How to treat conjunctivitis in a dog
Conjunctivitis is the inflammation of the conjunctiva, a membrane covering the eye. The most common causes of this eye condition in dogs are allergies, inadequate tear duct production - a disease known as drying keratoconjunctivitis, foreign bodies accidentally introduced into the eye and ulcers which are generally caused by trauma. On OneHowTo.com we explain how to treat your dog's conjunctivitis.
Cleaning the eye
The use of artificial tears is necessary in cases of dry keratoconjunctivitis and recommended in other cases. Obviously, if there is no problem you don't need to clean your dog's eyes every day, but it is suitable as part of treatment of these infections and when we detect the presence of gummy eyes.
As a general rule, we recommend cleaning dog's eyes with artificial tears rather than with saline or chamomile. Clean water is a good choice if you need it right away or if artificial tears are not available.
Eye drops for dogs should always be prescribed by a veterinarian, as many contain corticoids, which are extremely useful in cases of allergic conjunctivitis but extremely harmful in cases where there is ulceration, as these may even perforate the eye.
Through a very simple test (fluorescein) the veterinarian will determine the presence or non-presence of ulcers and, along with other diagnostics, provide appropriate treatment.
Although it is sometimes overlooked, the use of an Elizabethan collar, also known as bell collar or cone, is crucial in cases of conjunctivitis, to prevent further injury to the eye dog through the dog scratching with its paws. Monitoring and reviewing of the state of its eye is very important, as eye problems can worsen very quickly.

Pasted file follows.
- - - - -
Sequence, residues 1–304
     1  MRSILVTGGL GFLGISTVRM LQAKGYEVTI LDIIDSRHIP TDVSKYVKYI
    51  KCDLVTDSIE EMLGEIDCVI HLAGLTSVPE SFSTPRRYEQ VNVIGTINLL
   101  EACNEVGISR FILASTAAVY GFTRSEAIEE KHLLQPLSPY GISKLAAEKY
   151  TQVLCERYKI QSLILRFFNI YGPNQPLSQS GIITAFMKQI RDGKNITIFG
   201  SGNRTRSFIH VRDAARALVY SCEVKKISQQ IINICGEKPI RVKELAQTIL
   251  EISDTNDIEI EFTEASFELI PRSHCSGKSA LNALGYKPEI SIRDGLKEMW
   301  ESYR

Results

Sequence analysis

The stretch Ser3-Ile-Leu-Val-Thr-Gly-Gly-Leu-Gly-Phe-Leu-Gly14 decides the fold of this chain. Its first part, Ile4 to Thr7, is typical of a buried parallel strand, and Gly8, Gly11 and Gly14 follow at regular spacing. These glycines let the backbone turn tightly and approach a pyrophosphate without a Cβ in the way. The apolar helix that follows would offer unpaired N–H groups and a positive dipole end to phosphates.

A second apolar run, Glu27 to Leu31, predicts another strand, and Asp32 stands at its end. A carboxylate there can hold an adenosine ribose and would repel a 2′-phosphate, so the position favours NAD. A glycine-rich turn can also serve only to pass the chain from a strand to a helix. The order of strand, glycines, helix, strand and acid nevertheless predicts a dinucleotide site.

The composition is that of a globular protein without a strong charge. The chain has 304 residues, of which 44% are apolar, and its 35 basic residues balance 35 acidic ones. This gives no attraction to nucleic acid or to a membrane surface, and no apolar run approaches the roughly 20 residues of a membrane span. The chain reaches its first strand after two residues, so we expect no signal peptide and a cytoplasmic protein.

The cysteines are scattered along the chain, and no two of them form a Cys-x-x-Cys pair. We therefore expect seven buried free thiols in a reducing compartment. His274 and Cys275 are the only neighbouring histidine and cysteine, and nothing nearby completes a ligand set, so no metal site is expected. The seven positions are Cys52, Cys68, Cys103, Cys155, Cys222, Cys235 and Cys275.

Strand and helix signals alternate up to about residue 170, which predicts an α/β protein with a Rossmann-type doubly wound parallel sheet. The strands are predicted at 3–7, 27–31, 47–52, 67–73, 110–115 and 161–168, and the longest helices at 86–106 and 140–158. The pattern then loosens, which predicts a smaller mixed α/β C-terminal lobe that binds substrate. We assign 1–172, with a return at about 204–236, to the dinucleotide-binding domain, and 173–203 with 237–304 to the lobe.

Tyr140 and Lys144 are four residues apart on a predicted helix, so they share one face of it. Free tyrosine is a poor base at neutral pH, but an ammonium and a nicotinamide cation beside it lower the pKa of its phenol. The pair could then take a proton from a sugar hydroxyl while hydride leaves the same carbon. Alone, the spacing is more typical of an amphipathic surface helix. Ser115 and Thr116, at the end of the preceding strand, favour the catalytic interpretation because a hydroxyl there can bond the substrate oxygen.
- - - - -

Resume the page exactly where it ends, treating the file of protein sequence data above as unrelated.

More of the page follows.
On the other hand, if you've taken your dog to a place with abundant vegetation, and you see it scratching its eyes, you should check its eyes for any foreign bodies added to them, such as spikes or sprigs.
Uncomplicated ulcers heal with antibiotic eye drops and, if necessary, epitelizant cream but as we said these products should be prescribed by a veterinarian.
Even without conjunctivitis, it is recommend that you take your dog to the vet for a check-up at least twice a year, and if you detect excessive presence of eye discharge, scratching eyes, cuts or stains on them, and excessive blinking.
To accompany the treatment prescribed by your vet, we recommend trying some home remedies to help with dog conjunctivitis.
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